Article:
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10 Thoughts on Oklahoma State’s Spring Game

On Jaden Bray, quarterbacks and a good Stillwater weekend.

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[Photo via @CowboyFB/Twitter]

After a few years of open spring practices and a springless COVID year, Saturday was a good time.

Oklahoma State had its Spring Game on Saturday in front of a reported 17,000 fans. The black team won the game 27-19, a game that included six field goals.

Here are 10 thoughts on the festivities.

1. Have a Day, Jaden Bray

There is always that one receiver who Oklahoma State fans get excited about after a spring game. This year it is Jaden Bray.

When I saw a ginormous No. 85 warming up ahead of the game, I thought, “Did Patrick McKaufman come back?”

No, that was Bray, an early enrollee freshman. He is massive. He is listed at 6-foot-3, 195 pounds, but he looked more like he was 6-5, 220 pounds.

Then he scored the game’s first two touchdowns, catching a 25-yard fade from Shane Illingworth and a diving out route from Ethan Bullock.

He also hit Jordan Reagan with a nasty out-and-up for a 48-yard gain.

Bray is the No. 976 recruit in the 2021 class. He should be getting ready for prom at Norman High School, but instead he is turning heads in a Power Five spring game.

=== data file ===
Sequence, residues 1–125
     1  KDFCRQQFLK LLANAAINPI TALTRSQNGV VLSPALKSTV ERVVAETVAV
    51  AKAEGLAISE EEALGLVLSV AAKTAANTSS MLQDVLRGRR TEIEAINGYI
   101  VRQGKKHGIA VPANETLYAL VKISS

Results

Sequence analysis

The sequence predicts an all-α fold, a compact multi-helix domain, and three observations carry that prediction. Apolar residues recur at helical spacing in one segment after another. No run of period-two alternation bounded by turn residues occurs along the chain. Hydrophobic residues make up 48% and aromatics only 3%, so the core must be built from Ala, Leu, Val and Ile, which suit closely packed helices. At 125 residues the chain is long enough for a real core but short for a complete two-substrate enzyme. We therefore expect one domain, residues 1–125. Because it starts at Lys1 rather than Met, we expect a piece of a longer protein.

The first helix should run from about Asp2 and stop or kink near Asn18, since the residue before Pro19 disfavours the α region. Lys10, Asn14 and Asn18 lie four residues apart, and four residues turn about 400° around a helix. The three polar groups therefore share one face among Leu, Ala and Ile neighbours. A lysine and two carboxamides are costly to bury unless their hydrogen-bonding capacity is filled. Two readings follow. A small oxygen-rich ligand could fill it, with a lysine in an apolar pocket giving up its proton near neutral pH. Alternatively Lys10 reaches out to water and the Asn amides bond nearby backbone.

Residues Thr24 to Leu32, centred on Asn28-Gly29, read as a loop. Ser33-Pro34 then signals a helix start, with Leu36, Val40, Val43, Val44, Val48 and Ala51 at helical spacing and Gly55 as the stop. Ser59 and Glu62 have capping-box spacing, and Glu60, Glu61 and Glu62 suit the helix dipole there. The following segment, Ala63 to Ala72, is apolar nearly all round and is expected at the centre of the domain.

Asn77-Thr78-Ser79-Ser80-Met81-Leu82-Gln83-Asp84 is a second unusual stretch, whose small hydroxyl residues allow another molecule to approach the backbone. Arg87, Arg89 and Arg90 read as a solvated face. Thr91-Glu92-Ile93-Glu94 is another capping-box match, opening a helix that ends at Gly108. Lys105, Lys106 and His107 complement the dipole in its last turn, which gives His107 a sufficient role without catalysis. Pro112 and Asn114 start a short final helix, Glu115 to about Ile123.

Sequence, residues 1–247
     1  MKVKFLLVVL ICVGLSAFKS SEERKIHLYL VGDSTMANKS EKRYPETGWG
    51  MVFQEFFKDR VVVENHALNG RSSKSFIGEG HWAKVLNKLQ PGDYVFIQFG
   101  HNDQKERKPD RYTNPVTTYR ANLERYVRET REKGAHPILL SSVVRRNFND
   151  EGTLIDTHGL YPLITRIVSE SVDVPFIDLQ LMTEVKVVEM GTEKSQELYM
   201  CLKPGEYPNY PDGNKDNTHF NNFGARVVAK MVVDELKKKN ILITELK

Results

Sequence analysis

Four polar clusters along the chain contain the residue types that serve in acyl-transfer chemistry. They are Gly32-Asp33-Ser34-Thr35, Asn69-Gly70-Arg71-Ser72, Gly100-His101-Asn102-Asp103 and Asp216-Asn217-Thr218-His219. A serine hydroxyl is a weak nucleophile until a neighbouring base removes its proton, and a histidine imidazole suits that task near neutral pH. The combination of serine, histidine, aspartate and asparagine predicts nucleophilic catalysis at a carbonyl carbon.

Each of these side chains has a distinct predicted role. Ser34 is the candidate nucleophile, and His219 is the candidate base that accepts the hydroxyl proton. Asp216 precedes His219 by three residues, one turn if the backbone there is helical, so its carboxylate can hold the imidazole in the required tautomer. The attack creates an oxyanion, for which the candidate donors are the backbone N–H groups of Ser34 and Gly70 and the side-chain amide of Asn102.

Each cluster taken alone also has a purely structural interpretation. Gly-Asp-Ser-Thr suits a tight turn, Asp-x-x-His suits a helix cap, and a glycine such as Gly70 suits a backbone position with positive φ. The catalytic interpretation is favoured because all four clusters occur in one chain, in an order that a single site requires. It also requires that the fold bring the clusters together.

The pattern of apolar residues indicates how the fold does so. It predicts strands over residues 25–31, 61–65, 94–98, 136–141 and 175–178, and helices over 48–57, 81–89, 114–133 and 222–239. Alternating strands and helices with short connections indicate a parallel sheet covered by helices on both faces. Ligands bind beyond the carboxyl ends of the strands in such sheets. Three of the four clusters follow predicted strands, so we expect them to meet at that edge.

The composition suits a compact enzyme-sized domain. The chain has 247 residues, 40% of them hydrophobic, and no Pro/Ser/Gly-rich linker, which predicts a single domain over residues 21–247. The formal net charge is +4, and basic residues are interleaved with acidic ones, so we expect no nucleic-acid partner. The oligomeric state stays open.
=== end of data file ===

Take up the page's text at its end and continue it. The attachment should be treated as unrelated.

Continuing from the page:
It’s probably important to note that it wasn’t like Bray was torching OSU’s premier corners. His touchdowns came against redshirt sophomore Anthony Jimmerson and true sophomore Jabbar Muhammed (who has garnered some praise early in his career). But regardless, it was an impressive day from a guy who is the 141st-ranked wide receiver in the 2021 class.

2. Slot Superiority

As good as Bray was, a lot of OSU’s receiving yards from the day went to guys in the slot.

Brennan Presley, Braydon Johnson and John Paul Richardson all had big days catching little drag routes and running with them.

OSU didn’t use its slot receivers a ton this past year (a good chunk of Dillon Stoner’s catches and yards came when he moved outside to cover for Tylan Wallace). So, this is probably some sort of ideological shift. OSU is finding ways to get the ball in the hands of its best playmakers (Presley).

Presley scored the game’s final touchdown on a jet sweep.

But, as I mentioned, there were a ton of delayed drag routes featuring Johnson and Richardson. This looks like a replay, but I promise it’s two different plays with two different people.

3. Johnson’s Speed Made for the Slot

That brings me to my next point in that Braydon Johnson looked as good as ever with his transition from the outside to the slot.